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Topical Application of a Gentamicin-Collagen Sponge Combined with Systemic Antibiotic Therapy for the Treatment of Diabetic Foot Infections of Moderate Severity

A Randomized, Controlled, Multicenter Clinical Trial

Benjamin A. Lipsky Veterans Affairs Puget Sound Health Care System, University of Washington School of Medicine, Seattle, WA.

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Michael Kuss Premier Research Group Ltd, Austin, TX.

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Michael Edmonds King’s College Hospital, London, UK.

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Alexander Reyzelman Center for Clinical Research, Castro Valley, CA.

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Felix Sigal Pacific Clinical Center, Los Angeles, CA.

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Background:

The aim of this pilot study was to determine the safety and potential benefit of adding a topical gentamicin-collagen sponge to standard of care (systemic antibiotic therapy plus standard diabetic wound management) for treating diabetic foot infections of moderate severity.

Methods:

We randomized 56 patients with moderately infected diabetic foot ulcers in a 2:1 ratio to receive standard of care plus the gentamicin-collagen sponge (treatment group, n = 38) or standard of care only (control group, n = 18) for up to 28 days of treatment. Investigators performed clinical, microbiological, and safety assessments at regularly scheduled intervals and collected pharmacokinetic samples from patients treated with the gentamicin-collagen sponge. Test of cure was clinically assessed 14 days after all antibiotic therapy was stopped.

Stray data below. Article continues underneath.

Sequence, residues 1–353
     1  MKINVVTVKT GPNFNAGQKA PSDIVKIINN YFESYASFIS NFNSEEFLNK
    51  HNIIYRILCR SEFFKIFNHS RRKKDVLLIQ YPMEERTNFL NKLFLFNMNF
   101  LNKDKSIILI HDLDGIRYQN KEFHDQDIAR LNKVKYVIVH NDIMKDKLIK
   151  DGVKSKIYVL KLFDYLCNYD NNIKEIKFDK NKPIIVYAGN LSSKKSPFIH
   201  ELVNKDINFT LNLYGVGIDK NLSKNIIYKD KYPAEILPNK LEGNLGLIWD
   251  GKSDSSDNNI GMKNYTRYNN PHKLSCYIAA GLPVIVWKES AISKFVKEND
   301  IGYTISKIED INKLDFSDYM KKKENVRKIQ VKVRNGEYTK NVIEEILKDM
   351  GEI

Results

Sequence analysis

Results:

On treatment day 7, we noted clinical cure in no treatment patients and three control patients (P = .017). However, for evaluable patients at the test-of-cure visit, the treatment group had a significantly higher proportion of patients with clinical cure than did the control group (22 of 22 [100.0%] versus 7 of 10 [70.0%]; P =.024). Patients in the treatment group also had a higher rate of eradication of baseline pathogens at all visits (P ≤ .038) and a reduced time to pathogen eradication (P < .001). Safety data were similar for both groups.

Conclusions:

Topical application of the gentamicin-collagen sponge seems safe and may improve clinical and microbiological outcomes of diabetic foot infections of moderate severity when combined with standard of care. These pilot data suggest that a larger trial of this treatment is warranted. (J Am Podiatr Med Assoc 102(3): 223-232, 2012)

Corresponding author: Benjamin A. Lipsky, MD, Veterans Affairs Puget Sound Health Care System, S-111-PCC, 1660 S Columbian Way, Seattle, WA 98116-1597. (E-mail: balipsky@uw.edu)